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The Coming Tyranny of Digital Data

August 1, 2012

Christine Rosen in The New Republic:

Just west of Seoul, on a man-made island in the Yellow Sea, a city is rising. Slated for completion by 2015, Songdo has been meticulously planned by engineers and architects and lavishly financed by money from the American real estate company Gale International and the investment bank Morgan Stanley. According to the head of Cisco Systems, which has partnered with Gale International to supply the telecommunications infrastructure, Songdo will “run on information.” It will be the world’s first “smart city.”

The city of Songdo claims intelligence not from its inhabitants, but from the millions of wireless sensors and microcomputers embedded in surfaces and objects throughout the metropolis. “Smart” appliances installed in every home send a constant stream of data to the city’s “smart grid” that monitors energy use. Radio frequency ID tags on every car send signals to sensors in the road that measure traffic flow; cameras on every street scrutinize people’s movements so the city’s street lights can be adjusted to suit pedestrian traffic flow. (…)

Now that we feasibly can embed electronics in nearly any object, from cars to clothing to furniture to appliances to wristbands, and connect them via wireless signals to the World Wide Web, we have created an Internet of Things…With the Internet of Things, we are always and often unwittingly connected to the Web, which brings clear benefits of efficiency and personalization. But we are also granting to our technologies new powers to persuade or compel us to behave in certain ways.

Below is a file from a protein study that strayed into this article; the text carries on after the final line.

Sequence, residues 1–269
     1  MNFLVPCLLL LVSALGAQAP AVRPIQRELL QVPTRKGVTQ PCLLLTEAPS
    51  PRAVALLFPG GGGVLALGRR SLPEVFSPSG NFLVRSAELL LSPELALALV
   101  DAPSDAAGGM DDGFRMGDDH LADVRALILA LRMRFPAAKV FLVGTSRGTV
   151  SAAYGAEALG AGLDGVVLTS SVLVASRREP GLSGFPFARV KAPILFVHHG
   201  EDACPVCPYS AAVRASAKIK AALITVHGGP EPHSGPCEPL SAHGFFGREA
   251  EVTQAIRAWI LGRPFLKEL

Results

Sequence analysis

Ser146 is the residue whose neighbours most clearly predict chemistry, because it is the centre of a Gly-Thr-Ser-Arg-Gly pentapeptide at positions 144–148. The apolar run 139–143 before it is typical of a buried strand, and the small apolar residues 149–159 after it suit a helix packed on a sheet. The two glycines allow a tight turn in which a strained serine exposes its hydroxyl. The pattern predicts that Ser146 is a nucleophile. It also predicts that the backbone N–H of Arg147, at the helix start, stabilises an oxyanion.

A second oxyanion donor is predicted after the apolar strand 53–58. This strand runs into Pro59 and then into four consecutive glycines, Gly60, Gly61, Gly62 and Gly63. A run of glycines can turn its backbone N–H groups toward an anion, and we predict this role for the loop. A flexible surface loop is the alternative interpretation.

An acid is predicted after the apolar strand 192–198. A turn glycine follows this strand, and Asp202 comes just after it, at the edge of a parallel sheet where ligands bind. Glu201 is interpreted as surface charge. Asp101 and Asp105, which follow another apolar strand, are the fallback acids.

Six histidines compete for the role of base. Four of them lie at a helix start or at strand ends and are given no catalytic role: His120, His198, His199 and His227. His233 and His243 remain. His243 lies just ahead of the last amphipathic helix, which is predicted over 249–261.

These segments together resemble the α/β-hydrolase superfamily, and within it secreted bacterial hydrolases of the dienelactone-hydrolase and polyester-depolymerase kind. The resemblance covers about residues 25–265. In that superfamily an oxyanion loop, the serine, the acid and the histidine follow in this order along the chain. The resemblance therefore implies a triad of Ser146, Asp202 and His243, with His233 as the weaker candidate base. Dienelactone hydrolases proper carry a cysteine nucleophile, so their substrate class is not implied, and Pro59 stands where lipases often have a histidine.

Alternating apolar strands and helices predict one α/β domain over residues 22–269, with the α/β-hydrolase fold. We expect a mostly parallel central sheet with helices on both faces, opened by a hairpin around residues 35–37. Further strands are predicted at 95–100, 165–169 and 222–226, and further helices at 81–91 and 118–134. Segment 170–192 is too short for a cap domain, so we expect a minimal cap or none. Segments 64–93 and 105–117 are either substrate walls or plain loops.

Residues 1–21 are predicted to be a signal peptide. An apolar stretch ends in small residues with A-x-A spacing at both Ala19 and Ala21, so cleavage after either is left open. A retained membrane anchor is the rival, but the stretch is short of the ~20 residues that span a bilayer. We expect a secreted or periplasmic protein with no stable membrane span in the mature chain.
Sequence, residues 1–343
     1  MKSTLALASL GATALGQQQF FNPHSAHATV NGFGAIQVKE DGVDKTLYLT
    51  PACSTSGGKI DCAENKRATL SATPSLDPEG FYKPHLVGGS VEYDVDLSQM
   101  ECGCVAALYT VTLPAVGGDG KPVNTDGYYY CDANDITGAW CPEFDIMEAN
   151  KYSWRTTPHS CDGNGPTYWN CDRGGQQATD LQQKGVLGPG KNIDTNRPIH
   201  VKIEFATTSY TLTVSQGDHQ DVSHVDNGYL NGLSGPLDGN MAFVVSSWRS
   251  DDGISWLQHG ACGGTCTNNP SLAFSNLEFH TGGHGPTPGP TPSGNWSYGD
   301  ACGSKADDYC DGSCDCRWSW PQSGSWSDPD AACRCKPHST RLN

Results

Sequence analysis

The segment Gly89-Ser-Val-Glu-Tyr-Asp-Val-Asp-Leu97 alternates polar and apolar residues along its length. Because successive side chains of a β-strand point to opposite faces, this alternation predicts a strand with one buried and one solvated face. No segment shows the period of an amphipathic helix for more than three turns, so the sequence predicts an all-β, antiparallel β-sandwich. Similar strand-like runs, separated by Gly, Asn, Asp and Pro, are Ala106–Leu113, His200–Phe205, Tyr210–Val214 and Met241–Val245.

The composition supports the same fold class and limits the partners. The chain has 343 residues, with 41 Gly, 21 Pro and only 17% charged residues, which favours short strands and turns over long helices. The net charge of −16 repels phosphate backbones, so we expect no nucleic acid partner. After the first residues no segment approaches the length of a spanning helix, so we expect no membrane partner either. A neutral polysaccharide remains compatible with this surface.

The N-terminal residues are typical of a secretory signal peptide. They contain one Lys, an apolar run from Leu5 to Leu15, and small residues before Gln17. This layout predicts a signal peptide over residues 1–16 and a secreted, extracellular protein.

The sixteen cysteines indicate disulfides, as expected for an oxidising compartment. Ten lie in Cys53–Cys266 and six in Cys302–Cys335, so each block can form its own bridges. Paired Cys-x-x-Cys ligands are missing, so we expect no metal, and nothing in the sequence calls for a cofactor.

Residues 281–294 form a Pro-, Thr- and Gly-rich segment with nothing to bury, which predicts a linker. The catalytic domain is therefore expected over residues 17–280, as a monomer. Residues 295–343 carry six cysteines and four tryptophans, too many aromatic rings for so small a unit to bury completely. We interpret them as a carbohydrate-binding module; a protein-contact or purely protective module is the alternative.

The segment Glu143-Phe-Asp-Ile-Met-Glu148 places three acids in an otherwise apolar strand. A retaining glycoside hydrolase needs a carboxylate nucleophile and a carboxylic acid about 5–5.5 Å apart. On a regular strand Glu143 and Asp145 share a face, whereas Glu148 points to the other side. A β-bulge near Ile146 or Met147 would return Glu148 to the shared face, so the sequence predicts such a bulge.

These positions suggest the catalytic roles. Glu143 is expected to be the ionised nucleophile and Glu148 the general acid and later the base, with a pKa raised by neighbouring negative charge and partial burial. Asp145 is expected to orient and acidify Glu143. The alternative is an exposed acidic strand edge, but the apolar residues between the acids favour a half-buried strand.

As Peter-Paul Verbeek, a Dutch philosopher, argues, it is long past time for us to ask some difficult questions about our relationship to our machines. Technologies might not have minds or consciousness, Verbeek argues, but they are far from neutral. They “help to shape our existence and the moral decisions we take, which undeniably gives them a moral dimension.” How should we assess the moral dimensions of these material things? At a time when ever more of our daily activities are mediated by technology, how do we assign responsibility for our actions? Is behavior that is steered by technology still moral action?

Drawing on technology theorists such as Don Ihde and Bruno Latour, as well as the work of Michel Foucault, Verbeek proposes a “postphenomenological approach” that recognizes that our moral actions and the decisions we make “have become a joint affair between humans and technologies.” In this affair, human beings no longer hold the autonomous upper hand when it comes to moral agency; rather, Verbeek argues, we should replace that notion with one that recognizes “technologically mediated intentions.” [More]

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